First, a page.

Battling The Burnout: Strategies to Reduce Stress While Caring For Patients

April 25, 2022

It’s important for clinicians to have the resources they need to be successful in their patient care. Like many clinical illnesses, it is crucial to recognize the signs and symptoms of burnout before it becomes...

By: Lynne Arbeitel


Caring for patients while caring for yourself can be a difficult balance, especially in a COVID-19 era. With nursing shortages increasing and statistics showing burnout levels at an all-time high, Director of Wound Care, Lynne Arbeitel, RN-BC, CWON gives tips on how home health clinicians can reduce personal burnout while providing care for patients.

The Home Health Challenge:

Home health clinicians face unique stressors that are not typically experienced in other healthcare settings. I have worked in home healthcare over 25 years, and during my career working in home care I have discovered strategies that have decreased my stress level and increased my performance.

Strategies For Stress Management

1. Eat Well

Well-balanced eating is crucial to managing your stress level.  I make sure to always pack a nutritious lunch. With my lunch, I pack a few light “grab and go” snacks that I can eat while I drive or chart, such as: nuts, carrots, celery sticks, or pieces of fruit. I pack enough drinks to stay hydrated.

2. Take a Time for Yourself

It’s important to make time for yourself. I like to take a 10 or 15 minute walk to clear my head and perform deep relaxation breathing techniques to stay mindful. I enjoy singing along to the radio in my car, which helps to pass the time while sitting in traffic and decreases my feelings of stress.

3. Stay Organized

My car is my office, so I keep my car clean and neat.  Keeping my car and my patient schedule organized is key to my efficiency, productivity, and satisfaction. I prepare by reviewing my patients in advance and ensuring that I have all the information, equipment, and products needed to complete my visits.

4. Stay Up-to-Date on Skills and Knowledge

Home health clinicians work independently within a patient’s home environment and are required to perform a variety of skills, including answering patient and family members’ questions. I read journals, listen to podcasts, and attend professional conventions and conferences to advance my knowledge and skills. This ensures I take the best care of my patients and answer their questions.

5. Remind Yourself That Your Work Is Important

Home health care is both mentally and physically challenging, and on certain days it can feel overwhelming.  On these days, I remember the population that I am visiting and how vulnerable and alone they are. Often, I may be the only person they see that day. Home care clinicians not only provide medical care but also provide socialization to those that are homebound. At the end of each day, I know that I have made someone’s day better and brighter.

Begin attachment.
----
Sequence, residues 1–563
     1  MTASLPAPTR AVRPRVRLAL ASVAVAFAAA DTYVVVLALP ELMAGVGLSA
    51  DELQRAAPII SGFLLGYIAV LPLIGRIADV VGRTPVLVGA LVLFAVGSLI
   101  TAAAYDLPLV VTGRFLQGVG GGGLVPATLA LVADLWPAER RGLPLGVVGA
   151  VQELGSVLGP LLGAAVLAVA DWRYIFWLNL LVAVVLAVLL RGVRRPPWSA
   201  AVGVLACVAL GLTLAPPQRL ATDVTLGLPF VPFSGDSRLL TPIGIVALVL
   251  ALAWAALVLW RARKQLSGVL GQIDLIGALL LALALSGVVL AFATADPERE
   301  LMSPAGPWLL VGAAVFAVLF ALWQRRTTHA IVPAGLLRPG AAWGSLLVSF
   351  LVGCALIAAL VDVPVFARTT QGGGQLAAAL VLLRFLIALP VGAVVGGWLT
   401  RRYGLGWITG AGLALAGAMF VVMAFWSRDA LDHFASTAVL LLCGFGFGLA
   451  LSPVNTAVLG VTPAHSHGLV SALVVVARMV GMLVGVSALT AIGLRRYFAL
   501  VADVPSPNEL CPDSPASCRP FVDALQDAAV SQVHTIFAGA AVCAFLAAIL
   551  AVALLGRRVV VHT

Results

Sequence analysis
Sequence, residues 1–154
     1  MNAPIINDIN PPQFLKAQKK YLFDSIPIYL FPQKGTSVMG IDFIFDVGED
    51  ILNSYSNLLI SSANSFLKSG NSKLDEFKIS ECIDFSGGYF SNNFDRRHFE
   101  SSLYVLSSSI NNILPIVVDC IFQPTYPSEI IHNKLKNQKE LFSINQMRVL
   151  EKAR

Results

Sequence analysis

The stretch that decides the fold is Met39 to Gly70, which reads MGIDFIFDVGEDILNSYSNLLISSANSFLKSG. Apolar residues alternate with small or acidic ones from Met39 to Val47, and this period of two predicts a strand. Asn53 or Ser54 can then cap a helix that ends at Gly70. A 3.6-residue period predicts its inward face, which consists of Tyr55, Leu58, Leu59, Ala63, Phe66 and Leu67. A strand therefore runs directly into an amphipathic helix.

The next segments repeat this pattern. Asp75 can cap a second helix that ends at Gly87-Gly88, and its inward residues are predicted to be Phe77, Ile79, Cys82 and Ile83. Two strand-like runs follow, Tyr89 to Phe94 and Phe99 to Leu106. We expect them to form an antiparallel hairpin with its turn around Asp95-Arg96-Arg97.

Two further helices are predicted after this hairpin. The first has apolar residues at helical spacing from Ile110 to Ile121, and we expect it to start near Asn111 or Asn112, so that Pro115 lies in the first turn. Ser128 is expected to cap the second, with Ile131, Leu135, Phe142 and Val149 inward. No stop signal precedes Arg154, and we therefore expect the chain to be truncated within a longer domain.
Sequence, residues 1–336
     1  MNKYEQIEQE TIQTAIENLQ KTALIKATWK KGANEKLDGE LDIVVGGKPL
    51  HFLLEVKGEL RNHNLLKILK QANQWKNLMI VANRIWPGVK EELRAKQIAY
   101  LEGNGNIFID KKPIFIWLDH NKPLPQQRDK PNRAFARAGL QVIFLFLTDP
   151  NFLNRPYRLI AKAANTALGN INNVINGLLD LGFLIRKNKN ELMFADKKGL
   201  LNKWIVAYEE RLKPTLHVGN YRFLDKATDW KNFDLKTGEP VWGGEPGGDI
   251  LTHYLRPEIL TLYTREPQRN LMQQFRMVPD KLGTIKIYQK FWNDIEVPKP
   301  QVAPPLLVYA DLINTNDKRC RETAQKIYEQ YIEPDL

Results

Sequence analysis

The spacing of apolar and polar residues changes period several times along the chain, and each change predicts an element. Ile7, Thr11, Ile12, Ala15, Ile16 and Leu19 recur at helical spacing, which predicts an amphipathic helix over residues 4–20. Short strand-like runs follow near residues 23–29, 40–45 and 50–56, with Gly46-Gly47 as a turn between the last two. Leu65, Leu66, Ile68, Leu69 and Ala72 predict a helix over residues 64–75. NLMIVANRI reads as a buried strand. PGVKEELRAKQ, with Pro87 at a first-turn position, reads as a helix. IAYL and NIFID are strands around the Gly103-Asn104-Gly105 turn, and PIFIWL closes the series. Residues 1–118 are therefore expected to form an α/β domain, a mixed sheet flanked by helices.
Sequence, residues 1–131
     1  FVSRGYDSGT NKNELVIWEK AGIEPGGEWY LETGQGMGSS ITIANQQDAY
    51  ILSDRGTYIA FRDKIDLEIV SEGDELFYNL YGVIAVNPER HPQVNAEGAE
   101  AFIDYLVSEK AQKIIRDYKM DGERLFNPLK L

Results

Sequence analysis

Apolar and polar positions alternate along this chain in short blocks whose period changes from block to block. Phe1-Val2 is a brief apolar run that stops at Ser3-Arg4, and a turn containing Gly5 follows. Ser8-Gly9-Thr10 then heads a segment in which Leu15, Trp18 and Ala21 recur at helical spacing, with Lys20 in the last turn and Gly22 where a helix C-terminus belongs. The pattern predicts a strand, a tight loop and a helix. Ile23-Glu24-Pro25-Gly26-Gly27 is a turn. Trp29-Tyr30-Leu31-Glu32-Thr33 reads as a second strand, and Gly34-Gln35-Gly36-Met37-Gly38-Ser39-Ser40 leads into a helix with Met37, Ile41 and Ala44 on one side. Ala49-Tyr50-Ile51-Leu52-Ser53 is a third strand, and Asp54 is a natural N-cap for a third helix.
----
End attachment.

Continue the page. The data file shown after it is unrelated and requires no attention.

6. Stay Flexible

You can build resilience to both personal and professional demands by being flexible, and continuously revisiting your goals. Whether it is a stressful moment or long-term planning, keeping my goals in mind helps me overcome my challenges and stay resilient. On a daily basis, flexibility is important for patient visit scheduling and fulfilling patients’ needs. My personal resilience has been supported by my ability to review and revise my goals, so that I have a successful vision for future goals.

7. Identify Burnout Before It Becomes an Issue

It’s important for clinicians to have the resources they need to be successful in their patient care. Like many clinical illnesses, it is crucial to recognize the signs and symptoms of burnout before it becomes problematic. Employers can provide education to clinicians on how to recognize burnout, so clinicians do not feel isolated and can seek support immediately. Furthermore, employers can take an active approach to burnout prevention by asking for real time feedback, and listening to clinician needs. Understanding that work-life balance is necessary can further help to prevent burnout.

8. Work with an Employer that Values You onehome supports the well-being of its clinical staff by offering mammogram screenings, biometric screenings, COVID-19 immunizations, immunizations for flu and hepatitis B, and many other benefits. onehome offers financial wellness seminars, a team member mental health program, and social wellness opportunities (such as toy drives and food drives). I feel that it is important to work with an employer like onehome that supports both me and the community.

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